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The expert monopoly

The expert monopoly

As the bailout crisis talks continue, and the common people wait to find out what particular flavor of long hard road awaits them, one might wonder if there’s any way that we the people could have foreseen this coming. The answer is yes, and the key incident to remember is: Nicholas Leeson and Barings Bank.

You may remember Mr. Leeson: he was the young trader who undertook risky deals that went bad and the resulting losses destroyed Barings, an investment bank that was over two centuries old. The incident shook the markets, but the focus at the time quickly shifted to controlling individual traders, away from the obvious lesson about the shaky fundamentals of investment banking itself, and the incident seems to have been forgotten entirely when Republicans Phil Gramm and James Leach championed the Gramm-Leach-Bliley Act, which undid the Glass-Steagall Act’s protections that had been in place since the Depression.

Thinking about Leeson reminds me in turn of Frank Corder, the man who stole a light plane on September 11, 1994, and crashed it into the White House. It does not take an expert to extrapolate from this event the events on the same day seven years later. But as we all now know any such lesson was not learned – not by U.S. security experts, anyway.

Once you begin to see the kind of myopia that afflicts experts, you can start to see it in all sorts of places. And it validates two idea behind the World Without Oil game: one, that a common citizen can see some approaching futures more plainly than experts can; and two, that a sufficiently large group of everyday citizens can outperform experts in certain challenges, especially those of imagination. The key is creating a seriously playful motivation to bring the citizens together, and a seriously playful space where they can collaborate. Should some tiny fraction of the money looming to be spent on the credit crisis go toward crowdsourcing views about what the next crisis will be? I think we should get that game started right away. Image by Mike Licht, Notionscapital.com via Flickr.

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It's all in your mind

It's all in your mind

Recent comments by prominent figures (such as Phil Gramm) that the U.S. credit crisis, oil crisis, recession etc. are “psychological” have generated significant backlash (Gramm lost his job, for example). The World Without Oil game has a unique insight into this, actually.

It’s been well known that a sudden sharp increase in fuel prices would have a significant negative impact. Securing America’s Future Energy (SAFE) established this in a series of “wargame” simulations, as just one example. These top-down analyses generate outcomes such as “1 to 2 million unemployed people.” OK, fine. But do they actually produce anything of value for us, the common people? What if I don’t want to be included in that statistic? The top-down view has no wisdom for you beyond “suck it up.”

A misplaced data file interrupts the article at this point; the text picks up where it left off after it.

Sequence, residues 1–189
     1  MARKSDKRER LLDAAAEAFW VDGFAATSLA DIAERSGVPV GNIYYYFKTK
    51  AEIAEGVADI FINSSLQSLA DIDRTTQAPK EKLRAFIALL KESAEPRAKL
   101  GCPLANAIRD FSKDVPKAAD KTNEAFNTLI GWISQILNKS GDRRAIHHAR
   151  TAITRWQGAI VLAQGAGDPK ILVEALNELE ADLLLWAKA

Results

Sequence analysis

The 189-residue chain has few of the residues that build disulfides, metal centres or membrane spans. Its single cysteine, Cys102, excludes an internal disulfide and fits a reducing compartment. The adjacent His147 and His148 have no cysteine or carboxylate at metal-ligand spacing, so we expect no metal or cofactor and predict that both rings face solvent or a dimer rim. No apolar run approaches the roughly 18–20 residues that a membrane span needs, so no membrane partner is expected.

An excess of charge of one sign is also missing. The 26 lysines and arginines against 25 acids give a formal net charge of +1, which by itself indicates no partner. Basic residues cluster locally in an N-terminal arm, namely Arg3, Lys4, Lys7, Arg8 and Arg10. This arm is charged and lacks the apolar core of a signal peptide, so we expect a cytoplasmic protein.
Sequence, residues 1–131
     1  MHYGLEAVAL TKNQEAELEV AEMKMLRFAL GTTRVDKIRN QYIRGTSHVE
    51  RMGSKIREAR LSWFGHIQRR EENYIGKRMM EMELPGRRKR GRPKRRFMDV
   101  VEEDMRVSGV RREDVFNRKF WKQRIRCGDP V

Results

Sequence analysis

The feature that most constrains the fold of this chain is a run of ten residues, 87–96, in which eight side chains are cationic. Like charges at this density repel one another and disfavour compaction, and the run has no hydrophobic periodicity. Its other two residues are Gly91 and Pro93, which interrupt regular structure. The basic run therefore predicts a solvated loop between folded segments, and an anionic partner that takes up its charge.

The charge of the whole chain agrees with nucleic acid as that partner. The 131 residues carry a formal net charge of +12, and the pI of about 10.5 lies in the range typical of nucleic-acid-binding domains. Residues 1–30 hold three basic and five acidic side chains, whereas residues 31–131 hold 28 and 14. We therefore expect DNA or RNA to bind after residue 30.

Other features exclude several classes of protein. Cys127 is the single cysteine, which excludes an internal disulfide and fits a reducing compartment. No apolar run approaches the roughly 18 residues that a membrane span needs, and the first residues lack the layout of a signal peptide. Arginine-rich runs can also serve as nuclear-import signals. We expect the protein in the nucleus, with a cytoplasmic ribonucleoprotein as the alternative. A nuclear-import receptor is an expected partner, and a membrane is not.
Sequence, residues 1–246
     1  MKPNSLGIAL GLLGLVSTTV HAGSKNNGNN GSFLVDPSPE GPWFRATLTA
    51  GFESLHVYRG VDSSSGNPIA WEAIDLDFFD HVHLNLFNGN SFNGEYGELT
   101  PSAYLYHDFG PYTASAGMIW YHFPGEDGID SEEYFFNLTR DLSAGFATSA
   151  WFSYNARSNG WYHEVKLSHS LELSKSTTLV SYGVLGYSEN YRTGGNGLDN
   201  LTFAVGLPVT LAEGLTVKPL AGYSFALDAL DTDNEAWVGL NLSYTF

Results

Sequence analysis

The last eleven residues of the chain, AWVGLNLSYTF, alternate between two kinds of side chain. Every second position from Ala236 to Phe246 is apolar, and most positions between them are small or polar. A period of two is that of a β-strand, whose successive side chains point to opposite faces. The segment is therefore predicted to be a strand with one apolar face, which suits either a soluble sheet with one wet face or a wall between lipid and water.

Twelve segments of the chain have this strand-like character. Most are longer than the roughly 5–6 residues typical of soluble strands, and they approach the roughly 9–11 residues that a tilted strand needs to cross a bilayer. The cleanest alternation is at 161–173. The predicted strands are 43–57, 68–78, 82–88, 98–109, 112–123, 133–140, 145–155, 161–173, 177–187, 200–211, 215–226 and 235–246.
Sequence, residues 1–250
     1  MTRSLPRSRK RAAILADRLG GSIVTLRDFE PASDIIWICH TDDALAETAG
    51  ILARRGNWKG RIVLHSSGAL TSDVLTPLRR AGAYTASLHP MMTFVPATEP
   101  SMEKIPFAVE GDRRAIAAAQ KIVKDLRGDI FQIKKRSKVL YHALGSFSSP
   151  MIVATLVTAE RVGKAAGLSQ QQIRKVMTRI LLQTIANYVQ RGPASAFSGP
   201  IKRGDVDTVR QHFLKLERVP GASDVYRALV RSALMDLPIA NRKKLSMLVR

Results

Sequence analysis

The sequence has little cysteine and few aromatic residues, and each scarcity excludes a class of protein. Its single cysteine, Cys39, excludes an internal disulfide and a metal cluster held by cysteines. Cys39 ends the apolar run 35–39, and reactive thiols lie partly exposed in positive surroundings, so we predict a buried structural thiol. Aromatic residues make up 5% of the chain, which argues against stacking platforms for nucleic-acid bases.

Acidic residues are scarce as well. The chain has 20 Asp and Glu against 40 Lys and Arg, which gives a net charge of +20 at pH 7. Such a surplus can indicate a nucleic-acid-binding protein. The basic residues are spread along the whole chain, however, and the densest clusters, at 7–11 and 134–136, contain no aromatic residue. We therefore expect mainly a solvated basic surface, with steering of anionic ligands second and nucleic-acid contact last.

Whereas World Without Oil takes the bottom-up view, and is full of ways for a person to avoid becoming a statistic. It’s gathered hundreds of ideas expressed in over 1500 different ways, all focused on practical actions that people can take. I think any person that spends an hour or two exploring the WWO archive will come away better prepared for our oil-poor future. This is what WWO was all about – that by “playing it people wouldn’t have to live it.”

So, yeah, the problem is psychological. Policymakers who can only look from the top down are psychologically unable to see the value of a crowdsourced, collectively intelligent, bottom-up view such as WWO. They don’t truly understand the problem, and thus disconnect themselves from the solutions or any hope of meaningful individual action.

It was the world's first serious alternate reality game, a cooperative pre-imagining of a global oil crisis. Over 1900 players collaborated in May 2007 to chronicle the oil crisis with their own personal blog posts, videos, images and voicemails. The game ended after simulating the first 32 weeks of the oil shock, but its effects continue, as game designers analyze its unique gameplay and we all watch the continuing drama with global oil prices and supply.
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